Among the scriptural depictions of God’s character (merciful, loving, slow to anger) ought to be: appreciates irony (Cambridge defines irony as “something that has a different or opposite result from what is expected”).
Take Haman before King Ahasuerus, who had asked him, “What should be done for the man the king delights to honor?” (Esther 6:6). Haman, thinking, Who would that lucky fellow be but yours truly? effused eloquently about the pomp and ceremony that should be bestowed upon this special guy whom “the king delights to honor.”
Ahasuerus then tells him to do all these things for (unbeknownst to the king) Haman’s mortal enemy, Mordecai the Jew, adding, “Do not neglect anything you have recommended” (verse 10). And, as if this twist wasn’t ironic enough, Haman was eventually hanged on the gallows he had erected, specifically, for Mordecai the Jew.
In 2 Samuel 12 Nathan the prophet—knowing David’s evil deeds with Bathsheba and Uriah—tells him a parable that parallels (but masks) those evil deeds. Leaping headfirst into the trap, David, righteously indignant, declares that the perp in the parable ought to die, essentially condemning himself.
Attah ha-ish! declared Nathan—“You are the man!” (2 Sam. 12:7).
The irony’s acidic.
Decades ago I tasted for myself, but in a good way, the ironic edge to God’s character.
The story begins in seventeenth century Amsterdam, where many conversos, Jews who had converted to Roman Catholicism, had fled in order to escape the Portuguese Inquisition. A descendant of these Jews, a young man, though having had a traditional religious upbringing, had also tasted the delights of Lady Philosophy, who eventually seduced him away from his Jewish heritage.
And not just the heritage, i.e., the rituals, the law, the traditions. Baruch de Spinoza (now calling himself Benedict de Spinoza) rejected the entire metaphysical foundation upon which Judaism (and Christianity) rested. You know, things like the existence of an all-knowing, all-powerful God who transcended the physical world and the natural laws that moved that world and the things in it. Gone, for Spinoza, was a personal God who heard and answered prayers, who performed miracles, and who loved us. Spinoza famously (or infamously) wrote, “Whoever loves God cannot strive that God should love us back.”
Spinoza’s God wasn’t involved in human affairs, and certainly not in something like our redemption. God didn’t punish evil, reward righteousness, or offer the promise of resurrection or an afterlife. These were superstitions, just like the Fall, the Flood, the Exodus—which were, he believed, fables conjured up by primitives who simply didn’t understand natural law.
Spinoza, though, didn’t consider himself an atheist. God was nature, he wrote, the physical world and all the natural laws that governed it. God was knowable, not through special revelation (which he didn’t believe in), but only through a quasi-scientific and rationalistic study of the physical world itself. This world represented the totality of God, at least the totality that we could know and understand (he believed that this God could have attributes beyond our comprehension). Benedict de Spinoza was basically a pantheist.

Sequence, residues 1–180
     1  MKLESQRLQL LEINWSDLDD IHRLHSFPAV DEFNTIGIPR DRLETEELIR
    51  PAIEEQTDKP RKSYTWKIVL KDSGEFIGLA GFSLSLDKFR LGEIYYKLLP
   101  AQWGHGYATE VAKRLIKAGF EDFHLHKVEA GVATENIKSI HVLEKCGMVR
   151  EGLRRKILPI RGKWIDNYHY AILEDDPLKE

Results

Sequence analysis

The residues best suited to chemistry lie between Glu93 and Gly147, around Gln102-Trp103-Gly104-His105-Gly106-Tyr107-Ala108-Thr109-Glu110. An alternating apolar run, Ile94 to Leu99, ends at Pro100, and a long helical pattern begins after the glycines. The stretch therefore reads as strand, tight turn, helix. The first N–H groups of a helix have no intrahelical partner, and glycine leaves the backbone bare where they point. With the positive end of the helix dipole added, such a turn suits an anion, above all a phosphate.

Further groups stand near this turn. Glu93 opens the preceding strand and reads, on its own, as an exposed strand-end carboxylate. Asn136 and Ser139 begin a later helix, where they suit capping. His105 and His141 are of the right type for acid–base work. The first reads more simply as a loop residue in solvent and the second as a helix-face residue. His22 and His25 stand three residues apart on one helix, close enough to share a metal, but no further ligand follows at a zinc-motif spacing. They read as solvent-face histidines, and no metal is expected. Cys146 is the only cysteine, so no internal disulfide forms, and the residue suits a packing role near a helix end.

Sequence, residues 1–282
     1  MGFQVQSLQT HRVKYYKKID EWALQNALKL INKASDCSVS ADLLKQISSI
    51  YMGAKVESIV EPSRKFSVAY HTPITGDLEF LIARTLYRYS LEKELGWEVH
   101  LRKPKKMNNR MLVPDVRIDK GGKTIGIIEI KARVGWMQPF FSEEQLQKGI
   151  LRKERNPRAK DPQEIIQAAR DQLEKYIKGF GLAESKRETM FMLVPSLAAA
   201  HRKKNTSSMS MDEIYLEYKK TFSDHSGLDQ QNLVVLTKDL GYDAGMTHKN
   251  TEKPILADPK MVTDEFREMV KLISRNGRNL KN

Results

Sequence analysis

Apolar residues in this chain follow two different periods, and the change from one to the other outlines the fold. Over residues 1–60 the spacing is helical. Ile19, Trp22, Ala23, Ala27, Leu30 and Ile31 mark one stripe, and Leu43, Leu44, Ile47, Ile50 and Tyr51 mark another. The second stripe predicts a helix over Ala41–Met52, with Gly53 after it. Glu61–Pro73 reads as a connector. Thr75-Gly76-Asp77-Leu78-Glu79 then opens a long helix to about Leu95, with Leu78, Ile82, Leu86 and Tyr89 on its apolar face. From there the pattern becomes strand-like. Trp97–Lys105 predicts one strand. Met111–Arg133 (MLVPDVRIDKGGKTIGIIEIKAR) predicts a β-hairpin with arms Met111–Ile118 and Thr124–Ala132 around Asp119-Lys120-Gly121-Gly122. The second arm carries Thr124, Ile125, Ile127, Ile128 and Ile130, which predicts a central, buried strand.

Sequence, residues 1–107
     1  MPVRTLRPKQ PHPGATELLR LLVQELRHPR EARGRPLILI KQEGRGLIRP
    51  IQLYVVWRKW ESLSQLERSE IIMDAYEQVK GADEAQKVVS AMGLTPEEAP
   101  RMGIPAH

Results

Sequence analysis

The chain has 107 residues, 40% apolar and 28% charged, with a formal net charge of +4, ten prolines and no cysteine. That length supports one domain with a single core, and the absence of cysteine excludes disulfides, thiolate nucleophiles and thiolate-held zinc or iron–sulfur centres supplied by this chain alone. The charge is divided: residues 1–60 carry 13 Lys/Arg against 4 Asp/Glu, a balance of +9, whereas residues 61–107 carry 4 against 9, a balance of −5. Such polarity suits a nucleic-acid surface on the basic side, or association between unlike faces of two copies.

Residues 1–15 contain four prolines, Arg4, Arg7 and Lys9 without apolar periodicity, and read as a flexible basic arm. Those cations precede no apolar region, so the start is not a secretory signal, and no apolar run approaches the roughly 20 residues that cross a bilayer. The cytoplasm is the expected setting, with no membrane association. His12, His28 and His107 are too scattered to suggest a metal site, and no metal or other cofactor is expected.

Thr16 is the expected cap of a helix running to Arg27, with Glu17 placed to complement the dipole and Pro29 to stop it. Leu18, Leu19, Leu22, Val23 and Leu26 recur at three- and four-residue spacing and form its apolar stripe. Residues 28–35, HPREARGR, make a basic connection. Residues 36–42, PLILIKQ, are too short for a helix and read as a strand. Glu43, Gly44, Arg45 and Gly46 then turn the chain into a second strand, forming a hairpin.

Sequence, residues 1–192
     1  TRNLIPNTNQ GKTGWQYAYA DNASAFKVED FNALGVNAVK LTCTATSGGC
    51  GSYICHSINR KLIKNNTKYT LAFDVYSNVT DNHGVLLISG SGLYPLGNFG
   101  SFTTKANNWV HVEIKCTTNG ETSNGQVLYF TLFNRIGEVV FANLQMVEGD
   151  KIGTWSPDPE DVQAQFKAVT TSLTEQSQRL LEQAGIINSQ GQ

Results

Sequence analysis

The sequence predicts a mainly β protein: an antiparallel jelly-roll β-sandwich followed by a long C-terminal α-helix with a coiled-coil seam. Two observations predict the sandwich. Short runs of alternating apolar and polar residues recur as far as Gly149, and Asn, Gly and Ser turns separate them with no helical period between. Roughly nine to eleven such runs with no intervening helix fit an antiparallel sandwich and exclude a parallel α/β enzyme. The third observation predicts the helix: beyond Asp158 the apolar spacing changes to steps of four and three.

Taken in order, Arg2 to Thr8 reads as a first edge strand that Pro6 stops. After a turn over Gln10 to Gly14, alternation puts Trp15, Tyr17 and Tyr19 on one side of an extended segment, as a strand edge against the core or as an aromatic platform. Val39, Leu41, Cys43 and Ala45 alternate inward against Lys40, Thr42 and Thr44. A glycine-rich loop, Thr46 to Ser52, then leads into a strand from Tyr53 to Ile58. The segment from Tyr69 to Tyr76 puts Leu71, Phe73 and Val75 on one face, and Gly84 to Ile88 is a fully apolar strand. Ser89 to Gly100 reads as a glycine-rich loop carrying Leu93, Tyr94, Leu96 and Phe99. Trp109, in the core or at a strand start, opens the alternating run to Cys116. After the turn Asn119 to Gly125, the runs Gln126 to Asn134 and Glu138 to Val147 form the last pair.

Now, let’s jump ahead about 300 years, to another young Jewish man whose family had fled persecution, but came to the United States instead of Holland. I was 21 years old, sitting in a pizza parlor in Florida reading a philosophy book that, if not changing my life immediately, set me on a course that did change it radically.
Up to this moment I’d been what could loosely be called “postmodern”—you have your truth, I have my truth, that kind of thing. I had no concept of a single overarching truth, as in The Truth. For me, truth was a plural word that was locally, culturally, personally derived. Truth was mere subjective notions that somehow spilled out of the biological process within this mass of wet tissue and chemicals in our head. To pilfer a phrase from physics, there was no “theory of everything,” one single formula that explained all reality—that is, where it came from, why it’s here, and why things are as they are instead of as something else.
However, as I was sitting in the pizza parlor a concept in that book instantly wiped out that entire train of thought. I existed, the pizza existed, the ground existed, the universe existed. Something—whatever this all was—was, which means that somewhere out there something had to explain why it all was, where it came from, and how it got here. That explanation, whatever it was, had to be the Truth.
I eventually came to believe that the Truth was found in an all-knowing, all-powerful God who transcended the physical world and the natural laws that moved that world and the things in it. That is, a personal God who heard and answered prayers, who performed miracles, and who loved us so much that this God, in the person of His Son, died on the cross for us. A God who was involved in human affairs, especially our redemption. Indeed, He is a God who will punish evil, reward righteousness, and offers us the promise of the resurrection in a whole new existence. I came to believe that this God, through the biblical accounts of the Fall, the Flood, the Exodus, and especially the life and death of Jesus, has revealed Himself in ways that the study of nature never could.
For me, this young Jewish man who came to these conclusions—it all started in the pizza parlor from reading the words of this philosopher.
Who was he?
Yes, Benedict de Spinoza.
The irony, the sweet irony of it all.
Clifford Goldstein is editor of the Adult Sabbath School Bible Study Guide. His latest book, Baptizing the Devil: Evolution and the Seduction of Christianity, is available from Pacific Press.